Improved Livestock Genetics Becomes a Priority In Russia

RUSSIA - The Agricultural National Priority Project (ANPP) announced in early September 2005 aims to increase domestic production of livestock and dairy products by providing interest-free loans to businesses that will construct and/or modernize livestock farming facilities.
calendar icon 6 January 2006
clock icon 4 minute read
Foreign Agricultural Service

A big part of increasing domestic production will be large purchases of improved bovine and swine genetics as well as the purchase of genetically superior live animals from abroad. ANPP will provide foreign companies that sell genetic material tremendous business opportunities in Russia beginning 2006.


The Agricultural National Priority Project (ANPP) announced in September 2005 by President Putin aims to expand the quantity (and reduce the price of leasing) of pedigree livestock - dairy cattle, swine, beef and poultry - by expanding rural credit. The Coordination Council created to implement this agriculture development project is considering a draft resolution that would subsidize interest rates. This resolution will be submitted to the Finance Ministry in January 2006.

Genetics will be supported by subsidies that will reimburse the interest expense of loans for private farms, individuals, and agricultural consumer cooperatives for up to eight years on the condition that the loans were received from Russian credit institutions for the construction, refurbishment and modernization of livestock farming facilities.

Financing ANPP

The State budget will spend 16 billion rubles to implement ANPP in 2006 and 17.5 billion rubles in 2007. The implementation methodology for this national project is currently being developed with plans to begin in January 2006. The project envisions providing 8-year loans with federal and regional budgets picking up the interest rate expense. Subsidies will be passed through the government-owned Russian Agricultural Bank (Rosselkhozbank) and the government-owned Russian Agricultural Leasing Company (Rosagroleasing). The federal budget will cover two-thirds of the interest rate and the region's budget will be required to pay the other one-third. In effect, these loans will be "interest-free" and will encourage investment in Russia's meat and dairy industries.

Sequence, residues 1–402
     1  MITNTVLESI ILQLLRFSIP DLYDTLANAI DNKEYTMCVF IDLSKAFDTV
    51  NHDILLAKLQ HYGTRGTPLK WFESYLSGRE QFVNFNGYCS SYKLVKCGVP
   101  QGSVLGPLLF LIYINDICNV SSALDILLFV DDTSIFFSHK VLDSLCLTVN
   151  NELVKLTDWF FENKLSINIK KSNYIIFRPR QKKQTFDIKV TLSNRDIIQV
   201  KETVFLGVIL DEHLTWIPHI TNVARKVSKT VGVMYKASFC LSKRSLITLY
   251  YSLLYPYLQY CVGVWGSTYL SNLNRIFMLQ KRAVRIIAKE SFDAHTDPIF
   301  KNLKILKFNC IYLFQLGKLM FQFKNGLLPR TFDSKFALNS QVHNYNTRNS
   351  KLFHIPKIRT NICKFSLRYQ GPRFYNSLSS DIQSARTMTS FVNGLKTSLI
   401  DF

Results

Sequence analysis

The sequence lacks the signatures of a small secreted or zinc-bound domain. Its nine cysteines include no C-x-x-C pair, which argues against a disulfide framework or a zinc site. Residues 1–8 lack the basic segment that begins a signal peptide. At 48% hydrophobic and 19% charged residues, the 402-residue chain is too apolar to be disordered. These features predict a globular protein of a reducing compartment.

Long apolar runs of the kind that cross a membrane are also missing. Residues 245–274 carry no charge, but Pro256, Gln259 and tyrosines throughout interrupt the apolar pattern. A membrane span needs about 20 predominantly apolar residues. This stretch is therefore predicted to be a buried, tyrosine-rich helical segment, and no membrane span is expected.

According to the program, a total of 40 billion rubles will be invested in loans in 2006 to develop meat and dairy production. Prime Minister Mikhail Fradkov signed an order on November 14 setting out a schedule for preparing decrees for the implementation of National Priority Projects. The government press service reported recently that the decrees concerning Rosselkhozbank and Rosagroleasing would be submitted to the Cabinet by February 2006. The National Agricultural Development Program proposes increasing the charter capital of Rosselkhozbank by 3.7 billion rubles and that of Rosagroleasing by 8 billion rubles.

Farmers started receiving three and five-year loans with two-thirds of the interest rate funded by the federal budget in 2003. This loan program will continue.


According to the Ministry of Agriculture, a substantial portion of the ANPP is further expansions of existing programs such as the 2005 livestock projects initiative "Year of the Hog". Starting in 2006, an eight-year interest-free loan program will begin supporting hog farmers as well. Russian Meat Union officials announced that this program will encourage the purchase of foreign swine breeds with reduced fat content and high feed conversion ratios. The Russian government wants swine breeders to double their production and add one million metric tons of meat and poultry to the Russian market by 2007.


The ANPP will provide foreign companies that sell swine and bovine genetics the opportunity to significantly increase sales to the Russian market. The United States and Russia are currently negotiating a bovine semen veterinary certificate that will permit American companies to tap into Russia's growing market for animal genetics. The European Union has been exporting dairy and beef cattle as well as pigs to Russia for a long time and they are currently developing new veterinary certificates to facilitate the trade of live animals of improved breeds.

Source: USDA Foreign Agricultural Service - 4th January 2006

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